Effect of Duration of Reclamation on Soil Quality Indicators of a Surface – Mined Acid Forest Oxisol in South – Western Ghana

  • E. N. Tetteh
  • V. Logah
  • K. Twum-Ampofo
  • S. T. Partey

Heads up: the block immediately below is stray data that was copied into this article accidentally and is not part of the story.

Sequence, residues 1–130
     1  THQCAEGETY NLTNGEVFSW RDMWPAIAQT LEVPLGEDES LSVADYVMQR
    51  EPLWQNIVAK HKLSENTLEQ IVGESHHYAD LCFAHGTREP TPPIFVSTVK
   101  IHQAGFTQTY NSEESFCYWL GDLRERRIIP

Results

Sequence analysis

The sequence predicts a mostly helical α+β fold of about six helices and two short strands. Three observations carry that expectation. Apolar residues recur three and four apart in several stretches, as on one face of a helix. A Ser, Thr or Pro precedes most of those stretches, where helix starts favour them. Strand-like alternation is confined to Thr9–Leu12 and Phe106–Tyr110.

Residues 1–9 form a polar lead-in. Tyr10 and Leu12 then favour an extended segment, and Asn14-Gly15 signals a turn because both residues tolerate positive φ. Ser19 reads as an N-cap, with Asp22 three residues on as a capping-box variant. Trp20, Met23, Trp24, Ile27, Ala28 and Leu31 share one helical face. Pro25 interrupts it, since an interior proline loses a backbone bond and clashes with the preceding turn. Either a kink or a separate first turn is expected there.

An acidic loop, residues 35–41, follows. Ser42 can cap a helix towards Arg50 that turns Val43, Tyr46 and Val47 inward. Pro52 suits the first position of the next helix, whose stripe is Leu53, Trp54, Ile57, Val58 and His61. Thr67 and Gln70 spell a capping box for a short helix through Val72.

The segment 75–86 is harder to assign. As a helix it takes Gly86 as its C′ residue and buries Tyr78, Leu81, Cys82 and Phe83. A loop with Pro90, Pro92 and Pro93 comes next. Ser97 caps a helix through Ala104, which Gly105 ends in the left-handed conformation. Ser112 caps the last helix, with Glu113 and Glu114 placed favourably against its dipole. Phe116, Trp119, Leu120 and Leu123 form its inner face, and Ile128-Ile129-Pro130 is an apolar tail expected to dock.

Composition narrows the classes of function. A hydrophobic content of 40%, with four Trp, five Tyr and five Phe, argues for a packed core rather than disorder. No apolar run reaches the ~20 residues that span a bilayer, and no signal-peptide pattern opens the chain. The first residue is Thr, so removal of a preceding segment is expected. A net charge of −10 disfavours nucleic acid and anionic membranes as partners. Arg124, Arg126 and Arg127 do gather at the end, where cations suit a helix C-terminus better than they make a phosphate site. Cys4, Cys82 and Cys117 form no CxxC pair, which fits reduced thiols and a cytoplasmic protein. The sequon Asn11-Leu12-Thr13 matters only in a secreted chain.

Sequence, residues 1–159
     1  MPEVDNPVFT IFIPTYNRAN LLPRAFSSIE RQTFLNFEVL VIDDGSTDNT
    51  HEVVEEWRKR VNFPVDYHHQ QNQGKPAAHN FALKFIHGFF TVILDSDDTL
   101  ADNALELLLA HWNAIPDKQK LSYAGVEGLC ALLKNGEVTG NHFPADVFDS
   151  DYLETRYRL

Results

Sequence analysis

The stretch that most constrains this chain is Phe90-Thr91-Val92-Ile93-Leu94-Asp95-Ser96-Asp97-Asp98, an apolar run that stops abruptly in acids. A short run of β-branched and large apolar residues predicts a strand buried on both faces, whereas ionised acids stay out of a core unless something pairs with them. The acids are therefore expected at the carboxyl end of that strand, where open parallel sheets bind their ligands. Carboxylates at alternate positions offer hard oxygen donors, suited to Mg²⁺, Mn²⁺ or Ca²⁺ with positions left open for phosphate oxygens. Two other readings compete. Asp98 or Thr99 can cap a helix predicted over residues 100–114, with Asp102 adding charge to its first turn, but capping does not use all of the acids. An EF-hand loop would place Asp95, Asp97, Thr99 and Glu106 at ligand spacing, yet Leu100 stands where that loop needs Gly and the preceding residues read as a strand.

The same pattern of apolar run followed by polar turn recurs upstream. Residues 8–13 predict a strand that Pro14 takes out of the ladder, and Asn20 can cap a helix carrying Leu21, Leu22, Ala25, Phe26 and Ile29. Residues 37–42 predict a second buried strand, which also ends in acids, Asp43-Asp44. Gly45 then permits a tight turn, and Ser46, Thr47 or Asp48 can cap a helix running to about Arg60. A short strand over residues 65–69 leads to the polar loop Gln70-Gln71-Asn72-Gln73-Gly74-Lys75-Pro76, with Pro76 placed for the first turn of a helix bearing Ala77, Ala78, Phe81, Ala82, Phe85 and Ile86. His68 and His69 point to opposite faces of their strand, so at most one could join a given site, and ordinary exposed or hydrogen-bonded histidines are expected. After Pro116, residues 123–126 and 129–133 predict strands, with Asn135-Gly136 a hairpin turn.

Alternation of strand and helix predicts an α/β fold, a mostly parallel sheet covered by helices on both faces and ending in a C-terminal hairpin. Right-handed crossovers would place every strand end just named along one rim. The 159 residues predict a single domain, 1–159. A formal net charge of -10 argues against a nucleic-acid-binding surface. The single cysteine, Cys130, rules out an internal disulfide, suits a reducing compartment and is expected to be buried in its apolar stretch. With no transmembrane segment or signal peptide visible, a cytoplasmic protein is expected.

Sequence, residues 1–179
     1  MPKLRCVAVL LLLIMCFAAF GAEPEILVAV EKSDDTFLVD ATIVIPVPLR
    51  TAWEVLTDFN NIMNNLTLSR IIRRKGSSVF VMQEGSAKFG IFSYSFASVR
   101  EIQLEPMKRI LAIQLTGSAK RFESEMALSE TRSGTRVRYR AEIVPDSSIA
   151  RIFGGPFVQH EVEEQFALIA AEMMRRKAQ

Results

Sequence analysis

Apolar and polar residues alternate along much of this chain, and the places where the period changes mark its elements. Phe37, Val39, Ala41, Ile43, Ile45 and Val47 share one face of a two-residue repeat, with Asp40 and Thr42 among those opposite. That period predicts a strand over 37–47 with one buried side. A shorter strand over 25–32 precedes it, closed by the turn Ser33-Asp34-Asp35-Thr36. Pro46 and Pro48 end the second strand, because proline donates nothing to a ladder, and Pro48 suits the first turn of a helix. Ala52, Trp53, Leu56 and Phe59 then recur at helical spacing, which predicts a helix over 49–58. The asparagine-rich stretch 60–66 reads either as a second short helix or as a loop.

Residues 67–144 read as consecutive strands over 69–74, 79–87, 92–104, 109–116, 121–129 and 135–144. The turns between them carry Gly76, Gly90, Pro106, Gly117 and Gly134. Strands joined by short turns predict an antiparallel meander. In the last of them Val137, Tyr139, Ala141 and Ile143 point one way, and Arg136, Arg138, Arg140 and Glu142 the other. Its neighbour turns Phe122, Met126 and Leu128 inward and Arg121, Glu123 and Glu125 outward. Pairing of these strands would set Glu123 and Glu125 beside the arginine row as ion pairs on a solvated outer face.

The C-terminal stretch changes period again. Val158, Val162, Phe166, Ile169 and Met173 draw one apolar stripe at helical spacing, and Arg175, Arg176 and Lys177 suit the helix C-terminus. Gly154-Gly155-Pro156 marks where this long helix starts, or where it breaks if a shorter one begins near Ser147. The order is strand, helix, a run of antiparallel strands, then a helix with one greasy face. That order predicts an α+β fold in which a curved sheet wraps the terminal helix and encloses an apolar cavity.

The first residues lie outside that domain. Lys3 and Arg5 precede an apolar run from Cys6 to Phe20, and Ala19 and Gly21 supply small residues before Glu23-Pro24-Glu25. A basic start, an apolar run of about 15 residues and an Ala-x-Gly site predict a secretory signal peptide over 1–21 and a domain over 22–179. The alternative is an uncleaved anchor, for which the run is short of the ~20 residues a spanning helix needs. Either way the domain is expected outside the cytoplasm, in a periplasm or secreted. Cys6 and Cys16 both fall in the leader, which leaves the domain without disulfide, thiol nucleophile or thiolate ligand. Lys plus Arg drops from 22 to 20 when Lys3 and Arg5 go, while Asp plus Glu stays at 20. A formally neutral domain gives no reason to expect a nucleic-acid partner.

The quality of degraded mined soils can be restored through effective reclamation practices. In this study, we evaluated the impact of varying duration of land reclamation on soil quality at AngloGold Ashanti, Iduapriem mine Ltd., Tarkwa, Ghana. Soil samples were taken from mined sites of the Company at various stages of phytoremediation: 2, 5, 9 and 11 year old reclaimed sites. The soils were analyzed for soil quality indicators. A nearby forest reserve representative of the pre-degraded condition was used as the control. Prior to phytoremediation with multipurpose agroforestry trees, the mined soils were subjected by the Company to earthworks/slope battering followed by spreading of oxide materials over the surface, construction of crest drains and cover cropping. Having determined the impact of the varying duration of reclamation on soil quality indicators, separate pot experiments involving maize and cowpea were set up using soils from the sites to assess heavy metals accumulation in the cultivated crops. Soil nutrient levels in the sites under reclamation were significantly higher (P < 0.05) than the nearby forest reserve. Soil pH though generally low, was relatively higher (P < 0.05) in sites under reclamation than in the control. Soil total nitrogen, available phosphorus and exchangeable potassium levels were highest (P < 0.05) in the 11 year old site. Zinc contents of all sites were below the maximum permissible levels. There was somewhat antagonistic interaction between zinc and phosphorus contents of maize in the unclaimed site. Though heavy metal concentrations in maize were lower than that of cowpea, the concentrations in both plants were generally beyond the permissible levels suggesting a possible transfer onto the food chain if the crops are included as part of rotation programmes from the agronomic perspective. Our results indicate that phytoremediation of mined lands using agroforestry multipurpose trees could be marginal even after a decade of reclamation.